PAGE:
Classification of borders::Border


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Classification of borders Political borders are nonphysical fiat boundaries imposed on the world through human agency.<ref>Robinson, Edward Heath. Reexamining Fiat, Bona Fide and Force Dynamic Boundaries for Geopolitical Entities and their Placement in DOLCE Applied Ontology 2012 7: pp. 93–108</ref> This means that, although a political border may follow a river or mountain range, such a feature is not itself the border. Nevertheless, borders are often classified by whether or not they follow conspicuous physical features on the earth.

Natural borders

A photograph of the FranceItaly border at night. The southwestern end of the Alps separates the two countries.

Natural borders are geographical features that present natural obstacles to communication and transport. Existing political borders are often a formalization of these historical, natural obstacles.

Some geographical features that often constitute natural borders are:

  • Oceans: oceans create very costly natural borders. Very few nation-states span more than one continent. Only very large and resource-rich states are able to sustain the costs of governance across oceans for longer periods of time.
  • Rivers: some political borders have been formalized along natural borders formed by rivers. Some examples are; the Niagara River border (Canada–USA), the Rio Grande border (Mexico–USA), the Rhine border (France–Germany), and the Mekong border (Thailand–Laos). Where a precise line is desired, it is often drawn along the Thalweg, the deepest line along the river. In the Hebrew Bible, Moses defined the middle of the river Arnon as the border between Moab and the Israelite tribes settling east of the river Jordan (). The United States Supreme Court ruled in 1910 that the boundary between the American states of Maryland and West Virginia is the south bank of the Potomac River.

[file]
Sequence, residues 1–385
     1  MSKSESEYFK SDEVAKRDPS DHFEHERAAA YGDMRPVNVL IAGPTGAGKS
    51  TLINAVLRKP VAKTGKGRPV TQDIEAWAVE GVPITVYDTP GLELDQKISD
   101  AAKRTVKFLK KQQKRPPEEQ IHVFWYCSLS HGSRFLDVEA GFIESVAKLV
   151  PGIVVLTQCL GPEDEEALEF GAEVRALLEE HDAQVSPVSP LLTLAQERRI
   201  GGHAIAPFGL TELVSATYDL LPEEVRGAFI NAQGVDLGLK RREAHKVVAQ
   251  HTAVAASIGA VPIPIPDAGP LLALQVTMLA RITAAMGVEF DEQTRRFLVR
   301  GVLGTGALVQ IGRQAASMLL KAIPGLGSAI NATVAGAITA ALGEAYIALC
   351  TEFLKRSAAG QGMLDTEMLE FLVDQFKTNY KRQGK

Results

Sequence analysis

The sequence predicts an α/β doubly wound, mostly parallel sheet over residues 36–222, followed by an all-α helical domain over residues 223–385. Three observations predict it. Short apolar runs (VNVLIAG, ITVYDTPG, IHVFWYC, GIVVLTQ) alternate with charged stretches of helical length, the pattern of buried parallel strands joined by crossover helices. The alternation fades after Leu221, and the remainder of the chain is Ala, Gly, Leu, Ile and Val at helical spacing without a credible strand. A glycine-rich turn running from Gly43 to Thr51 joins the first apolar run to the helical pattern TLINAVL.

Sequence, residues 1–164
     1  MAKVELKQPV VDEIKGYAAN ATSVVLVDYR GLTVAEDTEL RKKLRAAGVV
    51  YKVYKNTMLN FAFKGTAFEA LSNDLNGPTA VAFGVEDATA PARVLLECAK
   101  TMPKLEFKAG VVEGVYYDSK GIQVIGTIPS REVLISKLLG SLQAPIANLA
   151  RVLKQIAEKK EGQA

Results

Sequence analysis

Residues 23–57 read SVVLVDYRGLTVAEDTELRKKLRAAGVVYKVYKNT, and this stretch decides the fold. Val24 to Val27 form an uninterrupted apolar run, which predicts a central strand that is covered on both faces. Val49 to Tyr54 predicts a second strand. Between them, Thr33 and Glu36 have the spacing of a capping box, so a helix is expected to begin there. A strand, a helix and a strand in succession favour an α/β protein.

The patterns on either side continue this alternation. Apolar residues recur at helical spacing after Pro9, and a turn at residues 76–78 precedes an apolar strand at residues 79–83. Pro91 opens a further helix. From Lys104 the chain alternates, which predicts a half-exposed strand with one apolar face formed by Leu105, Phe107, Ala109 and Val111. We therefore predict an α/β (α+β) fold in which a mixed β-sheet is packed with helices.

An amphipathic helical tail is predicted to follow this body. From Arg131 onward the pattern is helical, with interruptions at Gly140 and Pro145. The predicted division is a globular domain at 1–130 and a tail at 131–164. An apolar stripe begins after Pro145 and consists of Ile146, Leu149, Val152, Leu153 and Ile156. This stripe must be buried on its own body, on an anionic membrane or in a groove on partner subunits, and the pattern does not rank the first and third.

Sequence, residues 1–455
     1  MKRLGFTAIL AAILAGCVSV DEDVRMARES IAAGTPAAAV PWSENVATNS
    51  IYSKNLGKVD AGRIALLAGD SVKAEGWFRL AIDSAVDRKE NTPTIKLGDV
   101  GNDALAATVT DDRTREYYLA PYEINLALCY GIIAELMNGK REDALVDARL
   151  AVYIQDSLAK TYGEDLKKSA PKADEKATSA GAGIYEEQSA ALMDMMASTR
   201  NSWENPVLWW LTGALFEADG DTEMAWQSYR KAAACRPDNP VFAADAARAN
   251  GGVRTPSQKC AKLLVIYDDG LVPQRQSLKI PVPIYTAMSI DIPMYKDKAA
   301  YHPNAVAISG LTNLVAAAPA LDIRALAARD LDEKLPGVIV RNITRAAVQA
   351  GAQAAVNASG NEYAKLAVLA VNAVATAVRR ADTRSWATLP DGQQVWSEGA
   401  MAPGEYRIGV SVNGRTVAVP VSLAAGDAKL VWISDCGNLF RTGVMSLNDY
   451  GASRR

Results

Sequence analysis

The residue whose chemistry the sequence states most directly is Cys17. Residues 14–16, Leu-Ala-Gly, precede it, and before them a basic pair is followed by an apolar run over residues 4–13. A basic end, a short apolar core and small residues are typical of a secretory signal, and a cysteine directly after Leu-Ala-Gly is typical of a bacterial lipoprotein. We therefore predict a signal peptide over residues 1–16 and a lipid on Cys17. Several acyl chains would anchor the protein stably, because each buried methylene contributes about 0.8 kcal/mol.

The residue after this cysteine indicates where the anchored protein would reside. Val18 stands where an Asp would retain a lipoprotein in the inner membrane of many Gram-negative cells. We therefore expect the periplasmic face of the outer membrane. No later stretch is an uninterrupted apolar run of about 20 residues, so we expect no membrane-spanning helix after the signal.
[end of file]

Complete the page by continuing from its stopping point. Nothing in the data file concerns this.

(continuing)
• Lakes: larger lakes create natural borders. One example is the natural border created by Lake Tanganyika, with DR Congo and Zambia on its west shore and Tanzania and Burundi on the east.
  • Forests: denser jungles or forests can create strong natural borders. One example of a natural forest border is the Amazon rainforest, separating Brazil and Bolivia from Peru, Colombia, Venezuela and Guyana.
  • Mountain ranges: research on borders suggests that mountains have especially strong effects as natural borders. Many nations in Europe and Asia have had their political borders defined along mountain ranges, often along a drainage divide.

Throughout history, technological advances have reduced the costs of transport and communication across these natural borders. This has reduced the significance of natural borders over time. As a result, political borders that have been formalized more recently — such as those in Africa or Americas — typically conform less to natural borders{{ safesubst:#invoke:Unsubst||date=__DATE__ |$B= {{#invoke:Category handler|main}}{{#invoke:Category handler|main}}[citation needed] }} than very old borders — such as those in Europe or Asia — do.

Geometric borders

Geometric boundaries are formed by arcs or lines (such as lines of latitude or longitude) regardless of the physical and culture features of the earth. Political boundaries of this kind can often be found around the states that developed out of colonial holdings, such as in Africa and the Middle East.

Relict borders

A relict border is one that no longer functions and there for may no longer be a legal boundary at all. However, the former presence of the boundary can still be seen in the landscape. For instance, the boundary between East and West Germany no longer has any legal existence, but can still be seen because of historical markers on the landscape and continues to be a cultural and economic division in Germany today.

Border sections
Intro  Definitions  Classification of borders  Maritime borders  Border economics  Politics  Cross-border regions  Border studies  Image gallery  See also  References  Further reading  External links  

Classification of borders
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